ECONOMIST Delos Smith said the three major markets — manufacturing, housing, and retail sales — all rebounded in January and February from a downturn caused in part by the coldest two-month period on record in US history.
So why does the economy seem to be dragging an anvil around?
“Here's where the real problem comes — what people feel,” said Smith, a senior business analyst for The Conference Board. “The numbers might look good. But I can tell you that perception always wins. If that's what you think it's going to be, that's what it's going to be.
“Can we talk ourselves into trouble? Oh, you'd better believe it. We can do that very, very easily. To me, the reality is that we should have a good year. But you hear that word … should? We can't guarantee it because perception is the key. If people start to feel they have to cut corners, if the equity markets stay as gloomy as they are …”
Smith addressed the convention three days before the much-anticipated consumer-confidence indexes were released. And sure enough, consumer confidence in February reached its lowest level in more than four years, driven by mounting worries about jobs and the business climate. It was the fifth consecutive drop in the monthly index.
Smith said those numbers are “very troublesome” because they tend to draw people's attention away from the “fine print.” People recoil when they see headlines announcing massive layoffs, but they fail to absorb the message behind them — that most of it is through retirement programs, attrition, and phased-in layoffs.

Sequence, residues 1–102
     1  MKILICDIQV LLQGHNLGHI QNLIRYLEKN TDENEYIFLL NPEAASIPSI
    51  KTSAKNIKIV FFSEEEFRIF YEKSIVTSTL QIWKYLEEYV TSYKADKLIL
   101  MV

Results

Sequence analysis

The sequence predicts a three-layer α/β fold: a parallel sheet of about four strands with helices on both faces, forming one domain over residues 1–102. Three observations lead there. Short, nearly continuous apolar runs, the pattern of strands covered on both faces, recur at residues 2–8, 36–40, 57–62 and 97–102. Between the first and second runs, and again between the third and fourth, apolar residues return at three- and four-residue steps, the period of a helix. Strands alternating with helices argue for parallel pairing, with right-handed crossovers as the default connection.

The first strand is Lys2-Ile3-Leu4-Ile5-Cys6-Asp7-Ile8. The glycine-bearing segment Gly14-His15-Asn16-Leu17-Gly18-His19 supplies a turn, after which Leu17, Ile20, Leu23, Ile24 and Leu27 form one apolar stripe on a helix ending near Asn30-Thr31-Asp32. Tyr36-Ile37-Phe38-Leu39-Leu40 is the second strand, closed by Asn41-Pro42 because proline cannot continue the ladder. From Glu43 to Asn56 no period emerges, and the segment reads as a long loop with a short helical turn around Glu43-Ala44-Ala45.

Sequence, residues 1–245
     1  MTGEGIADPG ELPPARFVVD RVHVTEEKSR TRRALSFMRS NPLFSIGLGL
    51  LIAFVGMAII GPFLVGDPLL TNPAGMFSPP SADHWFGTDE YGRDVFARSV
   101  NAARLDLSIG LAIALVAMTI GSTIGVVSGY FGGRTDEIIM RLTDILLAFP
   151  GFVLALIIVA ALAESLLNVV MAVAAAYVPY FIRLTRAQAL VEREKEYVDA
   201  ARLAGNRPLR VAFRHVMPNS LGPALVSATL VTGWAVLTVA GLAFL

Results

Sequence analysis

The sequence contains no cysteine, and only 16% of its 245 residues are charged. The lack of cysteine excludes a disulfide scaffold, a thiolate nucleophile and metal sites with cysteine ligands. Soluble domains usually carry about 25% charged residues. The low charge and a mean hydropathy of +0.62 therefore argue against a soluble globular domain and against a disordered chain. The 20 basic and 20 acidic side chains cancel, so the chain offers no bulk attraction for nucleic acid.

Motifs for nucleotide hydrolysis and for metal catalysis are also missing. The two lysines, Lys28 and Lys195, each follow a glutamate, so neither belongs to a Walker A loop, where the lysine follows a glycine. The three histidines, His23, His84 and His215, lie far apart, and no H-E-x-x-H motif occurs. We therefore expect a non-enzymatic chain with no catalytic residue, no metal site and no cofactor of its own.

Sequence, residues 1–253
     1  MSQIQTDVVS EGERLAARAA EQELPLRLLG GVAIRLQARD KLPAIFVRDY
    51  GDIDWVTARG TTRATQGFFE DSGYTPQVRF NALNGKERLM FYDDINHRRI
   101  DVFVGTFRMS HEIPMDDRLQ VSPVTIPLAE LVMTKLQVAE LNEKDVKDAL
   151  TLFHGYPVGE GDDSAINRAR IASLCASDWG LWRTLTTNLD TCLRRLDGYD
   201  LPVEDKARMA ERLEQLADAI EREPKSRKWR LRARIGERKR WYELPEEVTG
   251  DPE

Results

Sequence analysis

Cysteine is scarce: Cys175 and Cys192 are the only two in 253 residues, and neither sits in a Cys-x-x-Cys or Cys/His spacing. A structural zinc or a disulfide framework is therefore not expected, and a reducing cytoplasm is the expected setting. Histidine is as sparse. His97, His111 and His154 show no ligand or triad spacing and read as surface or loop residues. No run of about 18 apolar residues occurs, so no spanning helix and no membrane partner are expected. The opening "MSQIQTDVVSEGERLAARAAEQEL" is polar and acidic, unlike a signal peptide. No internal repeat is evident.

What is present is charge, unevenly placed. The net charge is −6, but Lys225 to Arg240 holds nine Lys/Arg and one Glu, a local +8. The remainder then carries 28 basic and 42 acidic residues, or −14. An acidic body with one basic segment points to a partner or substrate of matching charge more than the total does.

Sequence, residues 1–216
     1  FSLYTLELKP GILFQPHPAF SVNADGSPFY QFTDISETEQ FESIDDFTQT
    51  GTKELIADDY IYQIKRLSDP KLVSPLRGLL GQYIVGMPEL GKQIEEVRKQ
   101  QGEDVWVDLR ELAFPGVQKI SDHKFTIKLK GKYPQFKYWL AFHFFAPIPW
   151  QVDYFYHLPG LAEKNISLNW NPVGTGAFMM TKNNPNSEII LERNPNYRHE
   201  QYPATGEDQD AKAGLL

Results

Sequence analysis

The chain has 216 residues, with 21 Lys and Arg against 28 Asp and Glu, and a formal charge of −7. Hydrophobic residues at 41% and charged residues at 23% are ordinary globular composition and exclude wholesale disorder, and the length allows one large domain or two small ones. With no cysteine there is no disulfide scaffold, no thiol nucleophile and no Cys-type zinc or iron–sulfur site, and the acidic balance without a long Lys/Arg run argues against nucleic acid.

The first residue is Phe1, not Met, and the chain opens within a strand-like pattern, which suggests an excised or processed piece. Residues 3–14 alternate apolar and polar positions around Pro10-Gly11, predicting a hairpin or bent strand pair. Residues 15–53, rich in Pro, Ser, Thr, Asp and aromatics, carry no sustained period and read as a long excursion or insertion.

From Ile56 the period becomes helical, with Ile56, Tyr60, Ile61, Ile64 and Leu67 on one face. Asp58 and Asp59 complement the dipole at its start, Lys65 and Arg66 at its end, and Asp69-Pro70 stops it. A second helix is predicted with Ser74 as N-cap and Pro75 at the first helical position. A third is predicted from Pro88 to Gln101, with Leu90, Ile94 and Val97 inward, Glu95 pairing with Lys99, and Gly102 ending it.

That was the case with Daimler Chrysler with its plan to shed 26,000 jobs over a three-year period. And then there was Nortel Networks, which already had cut 6,000 of the 10,000 jobs it announced in February that it would eliminate. The latest figures available at press time showed that the unemployment rate was at 4.2% in January, an increase of just 0.2% over December.
“A lot of people have the perception that these people are thrown out on the street,” Smith said. “You have to take a close look at what announced layoffs mean. It's not on that day — it could be years. Most have severance packages that go along with it.
“A lot of it is outsourcing. The person doesn't even move in any way and has exactly the same job. You wouldn't even know there's any change at all except he's getting a paycheck from another company. But that counts as an announced layoff.”
He said he had recently been at Nokia in Dallas, where there was an announced layoff of 1,500 that involved 700 temporary workers who, he speculated, “will have no problem finding a job.” He said the layoff really amounted to only 20-30 who were out of work.
His theory is that while the economy has slowed down considerably, a recession isn't imminent. Why do we feel like it has slowed so much? Because it was going so fast.
His analogy: You are traveling on Interstate 10 when a trooper pulls you over and tickets you for a speed of 100 mph. When you get back on the road, you set your cruise control for 70 mph. Do you feel like you're traveling at the speed limit? No.